Prewar Roots of Japanese Television Culture: Imperial Culture, Media Culture, and Radio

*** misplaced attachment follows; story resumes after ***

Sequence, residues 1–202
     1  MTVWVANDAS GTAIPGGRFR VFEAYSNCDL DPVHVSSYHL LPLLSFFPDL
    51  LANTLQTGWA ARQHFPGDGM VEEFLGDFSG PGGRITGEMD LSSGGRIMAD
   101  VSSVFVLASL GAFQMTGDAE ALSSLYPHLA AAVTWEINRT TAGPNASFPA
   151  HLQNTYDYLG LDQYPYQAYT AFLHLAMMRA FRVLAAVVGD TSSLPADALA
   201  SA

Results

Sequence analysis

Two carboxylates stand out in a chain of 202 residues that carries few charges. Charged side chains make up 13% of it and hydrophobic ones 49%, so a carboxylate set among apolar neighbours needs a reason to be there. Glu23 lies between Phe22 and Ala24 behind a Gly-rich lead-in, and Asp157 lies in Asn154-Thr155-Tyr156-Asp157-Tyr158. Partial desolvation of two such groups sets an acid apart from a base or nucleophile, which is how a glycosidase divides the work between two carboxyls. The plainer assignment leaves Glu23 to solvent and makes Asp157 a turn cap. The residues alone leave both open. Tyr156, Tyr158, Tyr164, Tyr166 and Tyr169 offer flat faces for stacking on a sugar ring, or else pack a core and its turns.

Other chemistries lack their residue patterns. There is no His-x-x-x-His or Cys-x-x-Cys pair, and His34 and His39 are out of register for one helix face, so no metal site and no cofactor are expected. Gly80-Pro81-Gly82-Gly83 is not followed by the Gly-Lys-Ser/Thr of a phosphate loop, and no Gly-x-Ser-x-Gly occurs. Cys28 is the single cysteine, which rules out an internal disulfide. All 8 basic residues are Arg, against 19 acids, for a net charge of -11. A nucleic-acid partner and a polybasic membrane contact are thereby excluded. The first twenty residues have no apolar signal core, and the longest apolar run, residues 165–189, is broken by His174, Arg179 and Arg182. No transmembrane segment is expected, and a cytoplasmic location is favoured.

Radio played the same role in prewar Japan as TV did in postwar Japan, serving as one of the nation’s major sources of values and information, and it eventually paved the way for TV broadcasting to become an important means to impose some sort of national cultural order. The prewar roots of Japanese television culture lie in the tensions between two cultures: the government-sponsored emperor-centered imperial empire in the late 19th century, and the urban mass consumer culture of the 1920s. Radio served to mediate these two cultures. When television took off in the 1950s, it did so on the foundations built by radio.